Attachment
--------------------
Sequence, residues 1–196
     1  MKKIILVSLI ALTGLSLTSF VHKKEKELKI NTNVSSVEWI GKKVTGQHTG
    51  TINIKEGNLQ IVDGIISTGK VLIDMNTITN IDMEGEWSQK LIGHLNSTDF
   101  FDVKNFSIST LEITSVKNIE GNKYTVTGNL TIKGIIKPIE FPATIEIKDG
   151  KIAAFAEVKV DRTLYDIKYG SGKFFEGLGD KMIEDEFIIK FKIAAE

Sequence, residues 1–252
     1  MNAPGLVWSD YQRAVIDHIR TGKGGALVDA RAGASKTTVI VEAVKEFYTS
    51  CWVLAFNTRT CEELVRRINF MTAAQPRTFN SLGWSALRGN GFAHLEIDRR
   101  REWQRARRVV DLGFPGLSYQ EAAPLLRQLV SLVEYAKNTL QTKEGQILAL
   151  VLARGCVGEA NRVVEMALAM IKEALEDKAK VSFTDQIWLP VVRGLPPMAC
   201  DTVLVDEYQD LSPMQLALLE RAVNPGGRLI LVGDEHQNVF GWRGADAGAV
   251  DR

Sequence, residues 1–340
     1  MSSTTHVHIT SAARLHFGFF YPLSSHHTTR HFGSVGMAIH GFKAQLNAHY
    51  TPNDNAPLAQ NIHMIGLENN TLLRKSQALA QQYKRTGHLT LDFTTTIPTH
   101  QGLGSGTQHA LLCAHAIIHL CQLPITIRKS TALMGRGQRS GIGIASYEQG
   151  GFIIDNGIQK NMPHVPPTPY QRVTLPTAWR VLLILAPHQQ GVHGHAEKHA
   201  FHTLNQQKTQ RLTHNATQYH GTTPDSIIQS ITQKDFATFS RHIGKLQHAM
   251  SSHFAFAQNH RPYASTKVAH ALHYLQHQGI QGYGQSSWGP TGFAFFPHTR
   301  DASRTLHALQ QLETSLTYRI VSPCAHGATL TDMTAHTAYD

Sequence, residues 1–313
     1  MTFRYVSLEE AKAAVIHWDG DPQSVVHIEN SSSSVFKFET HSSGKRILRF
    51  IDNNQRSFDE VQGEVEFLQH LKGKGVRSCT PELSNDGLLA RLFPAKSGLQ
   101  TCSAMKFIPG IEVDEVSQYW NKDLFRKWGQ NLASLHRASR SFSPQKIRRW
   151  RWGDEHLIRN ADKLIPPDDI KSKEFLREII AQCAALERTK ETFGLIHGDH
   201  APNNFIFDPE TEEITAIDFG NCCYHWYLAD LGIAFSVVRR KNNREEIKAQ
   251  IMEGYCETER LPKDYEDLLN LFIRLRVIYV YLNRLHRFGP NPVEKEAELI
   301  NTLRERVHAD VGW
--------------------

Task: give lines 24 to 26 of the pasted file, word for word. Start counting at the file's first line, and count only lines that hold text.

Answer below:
   101  TCSAMKFIPG IEVDEVSQYW NKDLFRKWGQ NLASLHRASR SFSPQKIRRW
   151  RWGDEHLIRN ADKLIPPDDI KSKEFLREII AQCAALERTK ETFGLIHGDH
   201  APNNFIFDPE TEEITAIDFG NCCYHWYLAD LGIAFSVVRR KNNREEIKAQ